NOW BEFORE I GET FLAMED, I know there is a way to take a cockpit shot using a flash that will create a photo good enough and acceptable for airliners.net. However, the reason why I chose to do the composite via layer masking method is because I felt using only ambient light to preserve the natural atmosphere looked much better and more realistic. The dynamic range was beyond the capability of the camera sensor. With one of the latest cameras, this might have been possible with one frame and some aggressive tweaking of the RAW file.

Anyway, the point is that my desire to use these editing methods isn't to create wild and surreal images, or to lie by creating something that never really happened. I like to use the techniques to more accurately recreate reality in ways not possible with one correctly exposed shot.

[Edited 2014-03-28 15:51:07]
 
ckw
Posts: 4586
Joined: Fri Aug 27, 2010 12:26 am

RE: HDR Images

Sat Mar 29, 2014 12:21 am

An excellent example of both the use of HDR (by whatever means) and why it should be acceptable. Does anyone really think this image would not be an asset to the database?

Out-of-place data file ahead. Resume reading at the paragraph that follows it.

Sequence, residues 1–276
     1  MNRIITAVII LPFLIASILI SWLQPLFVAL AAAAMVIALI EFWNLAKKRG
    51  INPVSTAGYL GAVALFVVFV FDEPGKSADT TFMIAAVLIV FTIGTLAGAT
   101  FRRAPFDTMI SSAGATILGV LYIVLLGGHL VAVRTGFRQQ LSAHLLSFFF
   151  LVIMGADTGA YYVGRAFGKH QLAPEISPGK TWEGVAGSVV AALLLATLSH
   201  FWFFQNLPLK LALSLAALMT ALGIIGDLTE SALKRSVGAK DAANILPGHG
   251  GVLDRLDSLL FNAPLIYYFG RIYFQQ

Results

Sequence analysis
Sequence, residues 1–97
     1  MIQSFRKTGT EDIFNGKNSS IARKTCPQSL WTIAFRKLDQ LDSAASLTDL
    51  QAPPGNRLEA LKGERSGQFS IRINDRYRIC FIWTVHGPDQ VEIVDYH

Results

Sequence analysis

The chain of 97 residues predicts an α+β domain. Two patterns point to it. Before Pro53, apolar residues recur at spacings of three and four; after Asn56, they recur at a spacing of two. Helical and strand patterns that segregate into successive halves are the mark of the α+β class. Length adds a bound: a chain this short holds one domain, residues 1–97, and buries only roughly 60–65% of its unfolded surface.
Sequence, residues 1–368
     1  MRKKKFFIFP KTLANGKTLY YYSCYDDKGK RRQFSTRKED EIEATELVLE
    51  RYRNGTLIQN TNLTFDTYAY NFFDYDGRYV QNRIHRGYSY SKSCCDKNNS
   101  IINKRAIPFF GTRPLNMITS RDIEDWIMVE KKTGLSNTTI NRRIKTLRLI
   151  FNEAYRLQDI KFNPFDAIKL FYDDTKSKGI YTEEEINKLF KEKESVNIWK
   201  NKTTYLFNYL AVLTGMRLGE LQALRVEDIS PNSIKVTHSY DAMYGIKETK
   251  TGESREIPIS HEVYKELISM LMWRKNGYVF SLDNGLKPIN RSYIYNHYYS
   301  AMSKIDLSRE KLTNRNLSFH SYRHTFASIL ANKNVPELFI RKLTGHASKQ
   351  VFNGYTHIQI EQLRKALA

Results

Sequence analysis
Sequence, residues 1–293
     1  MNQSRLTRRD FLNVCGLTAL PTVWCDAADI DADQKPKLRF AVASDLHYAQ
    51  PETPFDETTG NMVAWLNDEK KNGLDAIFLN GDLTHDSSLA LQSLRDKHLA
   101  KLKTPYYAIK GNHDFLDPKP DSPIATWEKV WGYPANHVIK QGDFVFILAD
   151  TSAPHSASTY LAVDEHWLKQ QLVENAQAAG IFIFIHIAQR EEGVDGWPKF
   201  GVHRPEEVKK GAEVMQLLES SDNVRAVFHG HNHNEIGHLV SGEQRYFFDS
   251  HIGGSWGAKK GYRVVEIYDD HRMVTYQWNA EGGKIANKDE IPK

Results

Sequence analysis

Cheers,

Colin
 
sulman
Posts: 1966
Joined: Wed Mar 03, 2004 5:09 am

RE: HDR Images

Sat Mar 29, 2014 2:54 am

HDR's just a tool to reproduce dynamic range to an approximation of what the human eye can resolve. I suspect many conflate it with tone mapping, which produces those ghostly grey images that were all the rage in 2008, and look like shit, for the most part.

If it's done properly, in theory you shouldn't be able to tell, other than an internal remark that says "By 'eck those shadows and highlights are very impressive for a single exposure..."

I don't think it's any different from manipulating white balance to create those very pretty but ultimately unrepresentative cool-blue night ramp shots that have been the standard for years.

Obviously, the correct use case for HDR is rather limited.


Edit: The 738 flight deck shot above is an excellent example.

[Edited 2014-03-28 20:01:51]
 
User avatar
Moose135
Posts: 3249
Joined: Mon Oct 04, 2004 11:27 pm

RE: HDR Images

Sat Mar 29, 2014 3:43 am

Quoting clickhappy (Reply 33):
A properly exposed image doesn't need any gimmicks. They don't need to be "enhanced."

Full stop.

Would you mind if I use this quote to appeal the next soft rejection I get?
 
Psych
Posts: 3011
Joined: Tue Nov 16, 2004 1:17 am

RE: HDR Images

Sat Mar 29, 2014 9:37 am

Quoting dvincent (Reply 30):
I think it is more the rationale used to ban the HDR images than the actual banning of them that is causing most of the disconnect.